Cecil Taylor's music was always exciting, always pushing out the boundaries of what music was supposed to be, especially of what people thought jazz should be. He would certainly have not fit into the doctrinaire definitions of it, such as that of Rudi Blesh or as promoted in Ken Burns' very limited PBS series. I mention that because one member of the talented but conservative Marsalis family, someone whose music is listenable but seldom innovative or boundry pushing pissed me off by dissing the far more talented and courageous Cecil Taylor in it, no doubt discouraging some neophytes from giving Taylor's music a listen**. That's something that has been pissing me off ever since I heard it when it was first aired. I say to hell with people who discourage people from trying music.
The one time I was witness to Cecil Taylor's performance, it was one of the most exciting and fascinating things I've ever heard and seen, an experience that the recordings of his music can give but can't recreate in full. It was in some ways scary because it was so intense and Cecil Taylor had a way of bringing you into the experience, make you feel that what he was doing was important enough to give it your full attention. I have, in other places, posted part of his famous collaborative performances with the great figure in jazz, Mary Lou Williams, which was as fascinating for its being a congenial mixture of oil and water, their approaches were so different that the account of the difficulties were almost as interesting as the results. Given that, as a piano player, Mary Lou Williams was always pushing boundaries, trying new things, going new places, even in her late and to an extent retrospective performances, it was worth hearing. And I will be posting some of their collaboration with some of the recordings of Cecil Taylor's music in the coming week.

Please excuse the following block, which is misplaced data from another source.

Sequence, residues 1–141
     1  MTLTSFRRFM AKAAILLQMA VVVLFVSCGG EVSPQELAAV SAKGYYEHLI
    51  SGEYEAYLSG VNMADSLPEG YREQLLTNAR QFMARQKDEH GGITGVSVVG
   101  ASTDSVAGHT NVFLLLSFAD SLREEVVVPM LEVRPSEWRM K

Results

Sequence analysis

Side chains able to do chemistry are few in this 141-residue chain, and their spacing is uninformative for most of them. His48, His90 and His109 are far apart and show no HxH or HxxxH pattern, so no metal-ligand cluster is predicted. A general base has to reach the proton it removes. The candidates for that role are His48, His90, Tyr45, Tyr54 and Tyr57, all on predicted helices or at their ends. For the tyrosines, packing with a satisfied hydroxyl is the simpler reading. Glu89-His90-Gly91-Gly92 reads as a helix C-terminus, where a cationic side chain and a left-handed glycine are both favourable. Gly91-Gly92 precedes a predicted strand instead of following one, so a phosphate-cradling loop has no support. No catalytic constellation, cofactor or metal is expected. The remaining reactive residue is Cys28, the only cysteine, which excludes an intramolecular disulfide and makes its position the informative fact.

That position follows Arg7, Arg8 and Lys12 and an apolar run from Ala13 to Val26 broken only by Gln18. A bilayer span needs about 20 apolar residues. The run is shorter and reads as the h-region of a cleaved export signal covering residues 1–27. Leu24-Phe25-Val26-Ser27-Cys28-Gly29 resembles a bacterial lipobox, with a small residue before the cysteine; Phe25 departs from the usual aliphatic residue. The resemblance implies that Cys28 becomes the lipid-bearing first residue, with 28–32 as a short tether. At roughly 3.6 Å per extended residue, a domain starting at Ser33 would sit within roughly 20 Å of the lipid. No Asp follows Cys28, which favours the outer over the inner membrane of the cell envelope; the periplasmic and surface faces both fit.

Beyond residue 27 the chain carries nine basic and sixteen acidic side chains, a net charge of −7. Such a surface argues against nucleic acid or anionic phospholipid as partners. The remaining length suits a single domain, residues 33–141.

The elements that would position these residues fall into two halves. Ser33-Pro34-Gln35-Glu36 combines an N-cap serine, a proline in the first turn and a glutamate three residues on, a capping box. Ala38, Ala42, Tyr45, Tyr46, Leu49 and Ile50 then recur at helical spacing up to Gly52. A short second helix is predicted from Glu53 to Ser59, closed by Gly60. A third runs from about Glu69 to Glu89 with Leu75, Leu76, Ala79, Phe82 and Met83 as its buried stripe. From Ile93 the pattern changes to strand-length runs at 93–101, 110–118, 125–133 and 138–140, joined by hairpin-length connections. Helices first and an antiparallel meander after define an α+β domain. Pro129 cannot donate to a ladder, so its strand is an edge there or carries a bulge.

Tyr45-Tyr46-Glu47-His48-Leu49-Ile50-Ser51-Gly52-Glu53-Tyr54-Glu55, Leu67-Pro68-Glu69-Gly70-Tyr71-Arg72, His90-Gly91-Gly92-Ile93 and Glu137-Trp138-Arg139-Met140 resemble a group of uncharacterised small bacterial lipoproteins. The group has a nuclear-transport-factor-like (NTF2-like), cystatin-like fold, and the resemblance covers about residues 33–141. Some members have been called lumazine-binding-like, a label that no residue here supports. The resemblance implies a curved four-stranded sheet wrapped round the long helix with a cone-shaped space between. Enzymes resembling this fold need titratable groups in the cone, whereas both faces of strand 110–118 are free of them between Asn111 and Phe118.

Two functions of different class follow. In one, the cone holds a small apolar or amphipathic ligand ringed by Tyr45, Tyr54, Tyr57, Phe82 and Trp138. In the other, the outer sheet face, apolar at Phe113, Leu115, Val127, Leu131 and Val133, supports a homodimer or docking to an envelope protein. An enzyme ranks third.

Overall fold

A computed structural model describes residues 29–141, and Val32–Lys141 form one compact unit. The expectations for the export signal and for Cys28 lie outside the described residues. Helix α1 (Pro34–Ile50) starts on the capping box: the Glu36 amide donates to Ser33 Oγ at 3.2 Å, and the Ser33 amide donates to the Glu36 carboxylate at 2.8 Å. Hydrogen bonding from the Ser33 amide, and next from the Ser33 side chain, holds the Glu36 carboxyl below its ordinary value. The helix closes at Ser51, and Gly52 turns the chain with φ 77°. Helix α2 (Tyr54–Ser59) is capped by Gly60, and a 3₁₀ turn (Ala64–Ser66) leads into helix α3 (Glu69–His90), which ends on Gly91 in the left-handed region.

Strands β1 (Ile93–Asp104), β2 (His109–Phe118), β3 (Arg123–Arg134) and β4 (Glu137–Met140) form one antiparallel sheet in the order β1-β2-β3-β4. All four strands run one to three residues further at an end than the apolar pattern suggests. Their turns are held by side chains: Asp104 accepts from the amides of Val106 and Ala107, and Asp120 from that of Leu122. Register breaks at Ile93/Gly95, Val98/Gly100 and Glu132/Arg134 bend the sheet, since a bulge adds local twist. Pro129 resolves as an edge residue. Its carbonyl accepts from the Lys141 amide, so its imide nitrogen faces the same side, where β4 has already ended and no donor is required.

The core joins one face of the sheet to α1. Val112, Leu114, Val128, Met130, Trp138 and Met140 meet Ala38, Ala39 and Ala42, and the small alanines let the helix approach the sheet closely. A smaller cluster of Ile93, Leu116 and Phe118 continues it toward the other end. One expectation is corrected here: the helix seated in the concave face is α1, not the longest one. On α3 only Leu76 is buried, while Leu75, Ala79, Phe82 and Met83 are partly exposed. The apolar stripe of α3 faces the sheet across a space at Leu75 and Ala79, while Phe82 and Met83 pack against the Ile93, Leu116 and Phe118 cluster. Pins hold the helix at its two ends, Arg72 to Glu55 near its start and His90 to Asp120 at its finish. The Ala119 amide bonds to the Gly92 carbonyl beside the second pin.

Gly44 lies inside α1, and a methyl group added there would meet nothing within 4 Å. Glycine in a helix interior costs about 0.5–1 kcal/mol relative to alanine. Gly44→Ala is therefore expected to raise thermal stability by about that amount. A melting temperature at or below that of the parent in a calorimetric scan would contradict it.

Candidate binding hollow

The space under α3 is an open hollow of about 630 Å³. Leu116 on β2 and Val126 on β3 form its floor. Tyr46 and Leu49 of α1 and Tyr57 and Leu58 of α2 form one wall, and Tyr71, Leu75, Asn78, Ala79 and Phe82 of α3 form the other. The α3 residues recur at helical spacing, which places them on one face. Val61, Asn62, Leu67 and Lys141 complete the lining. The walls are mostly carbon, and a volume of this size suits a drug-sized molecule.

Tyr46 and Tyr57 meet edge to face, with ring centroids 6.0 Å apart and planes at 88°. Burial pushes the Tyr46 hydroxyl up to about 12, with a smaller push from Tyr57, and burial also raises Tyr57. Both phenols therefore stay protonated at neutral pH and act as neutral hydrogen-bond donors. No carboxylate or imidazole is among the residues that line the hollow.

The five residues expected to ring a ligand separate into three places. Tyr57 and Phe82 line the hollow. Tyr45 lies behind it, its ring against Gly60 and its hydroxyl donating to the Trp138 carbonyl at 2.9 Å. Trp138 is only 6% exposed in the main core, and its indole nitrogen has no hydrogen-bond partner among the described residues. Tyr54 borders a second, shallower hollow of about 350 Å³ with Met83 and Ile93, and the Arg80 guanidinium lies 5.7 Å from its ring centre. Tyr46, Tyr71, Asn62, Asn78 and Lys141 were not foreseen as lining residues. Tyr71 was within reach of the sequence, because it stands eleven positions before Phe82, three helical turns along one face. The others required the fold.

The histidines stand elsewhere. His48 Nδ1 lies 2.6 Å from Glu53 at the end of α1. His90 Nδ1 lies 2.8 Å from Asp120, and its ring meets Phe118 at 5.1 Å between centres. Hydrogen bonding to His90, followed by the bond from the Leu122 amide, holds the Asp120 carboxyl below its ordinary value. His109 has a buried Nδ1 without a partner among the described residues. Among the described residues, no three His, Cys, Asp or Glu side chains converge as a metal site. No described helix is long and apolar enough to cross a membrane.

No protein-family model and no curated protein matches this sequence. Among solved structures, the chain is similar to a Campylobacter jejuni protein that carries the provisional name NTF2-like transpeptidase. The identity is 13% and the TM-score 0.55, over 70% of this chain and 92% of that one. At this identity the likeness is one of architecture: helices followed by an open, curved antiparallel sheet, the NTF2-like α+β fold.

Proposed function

I can imagine their happy meeting in glory is at least as exciting.
* I read such shocked lamentations histrionically made, declaring that it was proof that there is no God, when the etimable Irwin Corey died at the age of 102 last year. I wonder what kind of joke Corey would have gotten out of such a display.
** Speaking about Jazz, the Burns series, not the music:
Until the final segments, Jazz maintains a flat, dull tone. But as the 1960’s come around and the history of the music itself loses an obvious linear thread, the hand of Mr. Marsalis becomes more evident. Regarding the avant-garde pianist Cecil Taylor, the film gets downright nasty–and it is Mr. Marsalis’ brother, Branford, who gets to wield the ax. He calls Mr. Taylor’s music “self-indulgent bullshit.” Then critic Gene Lees opines, “He has every right to make the music he wants, and I have every right to listen to something else.”
I can't say that I ever got excited at hearing Branford Marsalis's music.